Argued October 24, 1958.
Decided November 20, 1958.
Charles Wolfe Kalp, Lewisburg, Pa., for appellant.
Peter Stanislaus Wondolowski, Washington, D.C. (Daniel H. Jenkins, U.S. Atty., Scranton, Pa., on the brief), for appellee.
Before GOODRICH, McLAUGHLIN and KALODNER, Circuit Judges.
This is an appeal from a district court decision denying the petitioner habeas corpus, D.C.M.D. 1958, 161 F. Supp. 112. Albert H. Grisham was a civilian accountant employed by and serving with the United States Army in France. While assigned overseas Grisham and his wife resided in a rented apartment in Orleans. Grisham was arrested by French officials as a result of the death of his wife in December, 1952. At the request of the Army he was turned over to military authorities and was charged by them with the premeditated murder of his wife, a capital offense. 10 U.S.C. § 918 (Supp. V, 1958). He was tried by a court-martial and convicted of unpremeditated homicide. Having been sentenced to prison, he now seeks release on habeas corpus proceedings.
The foundation of this petition is the Supreme Court's decision in Reid v. Covert, 1957, 354 U.S. 1, 77 S.Ct. 1222, 1 L.Ed.2d 1148. Our difficulty in this case is to make up our minds how far Reid v. Covert takes us. One thing is clear. Under that decision the wife of a man in military service who accompanies her husband abroad cannot in peacetime be tried in a foreign country by a United States military court-martial for a capital crime. But the opinion by Mr. Justice Black was joined by only three of his colleagues. Two others, Mr. Justice Frankfurter and Mr. Justice Harlan, rendered separate concurring opinions and two, Mr. Justice Clark joined by Mr. Justice Burton, dissented.
The district court, disposing of the instant case, relied largely on Judge Holtzoff's opinion in United States ex rel. Guagliardo v. McElroy, D.C.D.C. 1958, 158 F. Supp. 171. But that decision was overruled by the Court of Appeals for the District of Columbia Circuit by a divided court (2-1). 259 F.2d 927. Guagliardo involved the same statute as that in the Covert case. It is article 2 (11) of the Uniform Code of Military Justice, 10 U.S.C. § 802(11) (Supp. V, 1958), which reads as follows:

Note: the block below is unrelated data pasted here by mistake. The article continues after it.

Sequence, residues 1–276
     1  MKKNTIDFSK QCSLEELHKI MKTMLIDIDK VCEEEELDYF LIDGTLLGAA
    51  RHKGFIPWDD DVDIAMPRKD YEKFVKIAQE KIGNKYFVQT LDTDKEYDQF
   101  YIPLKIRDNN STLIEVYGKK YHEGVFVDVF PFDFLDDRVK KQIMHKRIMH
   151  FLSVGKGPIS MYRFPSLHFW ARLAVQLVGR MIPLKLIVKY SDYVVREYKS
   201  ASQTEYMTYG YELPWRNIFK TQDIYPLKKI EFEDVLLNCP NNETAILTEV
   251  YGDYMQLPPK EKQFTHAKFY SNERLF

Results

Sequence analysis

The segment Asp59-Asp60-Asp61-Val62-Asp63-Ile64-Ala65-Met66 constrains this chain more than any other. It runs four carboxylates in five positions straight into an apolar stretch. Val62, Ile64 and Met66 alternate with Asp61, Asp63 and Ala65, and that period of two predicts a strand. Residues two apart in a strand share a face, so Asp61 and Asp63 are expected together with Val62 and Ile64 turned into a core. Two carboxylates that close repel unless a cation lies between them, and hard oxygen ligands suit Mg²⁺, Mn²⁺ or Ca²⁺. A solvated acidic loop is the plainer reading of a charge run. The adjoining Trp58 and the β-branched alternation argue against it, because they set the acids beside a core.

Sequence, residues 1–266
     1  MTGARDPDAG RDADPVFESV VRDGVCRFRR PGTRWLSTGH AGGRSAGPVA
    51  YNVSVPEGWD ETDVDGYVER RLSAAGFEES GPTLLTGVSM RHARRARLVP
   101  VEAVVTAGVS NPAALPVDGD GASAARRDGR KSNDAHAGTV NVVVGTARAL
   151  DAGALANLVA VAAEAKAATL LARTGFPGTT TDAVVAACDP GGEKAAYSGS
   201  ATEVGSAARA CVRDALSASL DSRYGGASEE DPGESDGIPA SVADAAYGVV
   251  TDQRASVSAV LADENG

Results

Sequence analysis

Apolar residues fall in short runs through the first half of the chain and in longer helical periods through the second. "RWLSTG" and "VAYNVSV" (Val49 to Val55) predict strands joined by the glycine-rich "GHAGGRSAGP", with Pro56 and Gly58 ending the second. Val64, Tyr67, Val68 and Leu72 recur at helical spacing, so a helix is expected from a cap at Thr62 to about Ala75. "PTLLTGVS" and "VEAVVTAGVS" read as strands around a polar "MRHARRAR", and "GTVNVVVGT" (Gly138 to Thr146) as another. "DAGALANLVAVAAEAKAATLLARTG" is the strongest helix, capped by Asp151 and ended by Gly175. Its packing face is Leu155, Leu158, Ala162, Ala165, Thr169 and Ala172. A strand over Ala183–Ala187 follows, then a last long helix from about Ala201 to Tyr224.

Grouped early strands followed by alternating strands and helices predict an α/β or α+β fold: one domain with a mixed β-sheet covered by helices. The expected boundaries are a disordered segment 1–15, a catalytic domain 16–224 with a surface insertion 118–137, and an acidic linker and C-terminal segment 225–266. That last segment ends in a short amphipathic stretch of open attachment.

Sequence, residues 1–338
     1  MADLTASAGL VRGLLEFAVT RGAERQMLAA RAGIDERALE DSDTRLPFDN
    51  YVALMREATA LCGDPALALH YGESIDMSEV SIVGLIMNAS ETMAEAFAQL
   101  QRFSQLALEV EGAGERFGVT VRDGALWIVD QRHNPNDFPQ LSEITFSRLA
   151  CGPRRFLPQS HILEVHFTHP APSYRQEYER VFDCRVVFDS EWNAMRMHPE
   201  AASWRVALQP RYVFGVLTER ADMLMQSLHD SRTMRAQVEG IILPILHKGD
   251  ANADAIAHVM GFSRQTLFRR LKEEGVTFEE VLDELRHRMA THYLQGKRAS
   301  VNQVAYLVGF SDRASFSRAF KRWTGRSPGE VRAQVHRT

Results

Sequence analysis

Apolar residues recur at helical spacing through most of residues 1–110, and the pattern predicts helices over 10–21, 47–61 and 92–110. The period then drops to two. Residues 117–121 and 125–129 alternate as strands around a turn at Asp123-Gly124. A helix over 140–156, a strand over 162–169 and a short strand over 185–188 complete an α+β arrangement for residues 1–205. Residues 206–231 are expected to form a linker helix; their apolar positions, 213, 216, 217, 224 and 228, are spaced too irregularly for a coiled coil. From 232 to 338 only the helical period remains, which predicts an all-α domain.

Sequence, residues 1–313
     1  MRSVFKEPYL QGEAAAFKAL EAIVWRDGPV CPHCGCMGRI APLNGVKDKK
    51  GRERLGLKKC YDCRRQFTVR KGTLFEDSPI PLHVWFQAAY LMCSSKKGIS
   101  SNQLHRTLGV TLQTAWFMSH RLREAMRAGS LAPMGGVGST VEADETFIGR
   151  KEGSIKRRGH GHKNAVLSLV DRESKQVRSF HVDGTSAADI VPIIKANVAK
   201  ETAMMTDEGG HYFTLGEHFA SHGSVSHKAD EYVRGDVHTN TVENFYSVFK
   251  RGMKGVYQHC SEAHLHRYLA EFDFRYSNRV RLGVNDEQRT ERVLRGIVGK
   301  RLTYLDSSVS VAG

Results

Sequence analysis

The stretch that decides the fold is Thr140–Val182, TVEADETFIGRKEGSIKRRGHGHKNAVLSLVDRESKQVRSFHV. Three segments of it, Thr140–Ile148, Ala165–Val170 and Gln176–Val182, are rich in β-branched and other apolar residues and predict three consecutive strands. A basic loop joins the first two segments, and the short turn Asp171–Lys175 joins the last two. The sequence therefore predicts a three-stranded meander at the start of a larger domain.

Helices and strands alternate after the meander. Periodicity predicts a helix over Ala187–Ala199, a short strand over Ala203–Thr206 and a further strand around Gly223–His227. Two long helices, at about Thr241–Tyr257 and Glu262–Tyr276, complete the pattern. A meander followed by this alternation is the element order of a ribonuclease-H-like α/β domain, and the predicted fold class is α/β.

"(11) Subject to any treaty or agreement to which the United States is or may be a party or to any accepted rule of international law, persons serving with, employed by, or accompanying the armed forces outside the United States. * * *"
are subject to the authority of the courts-martial described by the statute.
In the Guagliardo case the petitioner was a civil service employee of the Air Force. The crime with which he was charged was not a capital crime but larceny. The District of Columbia Circuit Court said that it was not going to decide any constitutional question: that since the Supreme Court had said the section of the Military Justice Code when applied to persons "accompanying the armed forces" [ 158 F. Supp. 173] was unconstitutional the whole clause fell.
With due deference to a very competent court, we cannot join in this ground for granting a habeas corpus writ. The statute in question expressly contains a reservation clause providing:
"If a part of this Act is invalid, all valid parts that are severable from the invalid part remain in effect. If a part of this Act is invalid in one or more of its applications, the part remains in effect in all valid applications that are severable from the invalid applications." Pub.L.No. 1028, 84th Cong., 2d Sess., 70A Stat. 640 (Aug. 10, 1956), § 49(d).
We think this provision controls, and that we must look to see whether a difference may not exist as to persons "serving with" or "employed by" from those "accompanying" the armed forces.
Granted that authority compels the conclusion that a wife accompanying her husband abroad is not to be tried by court-martial, it does not follow that persons "serving with" or "employed by" the armed forces may not be so tried. At least it does not so follow until the Supreme Court says that it does. We do not get helpful authority, then, from the Guagliardo opinion except for a reason we cannot share.
So we are confronted with the problem of the application of the Covert case to a civilian employee of the armed forces serving abroad, prosecuted for a capital offense in peacetime and tried by court-martial. Grisham was charged in France with premeditated murder, a capital offense. The conviction was for unpremeditated murder which is not a capital offense.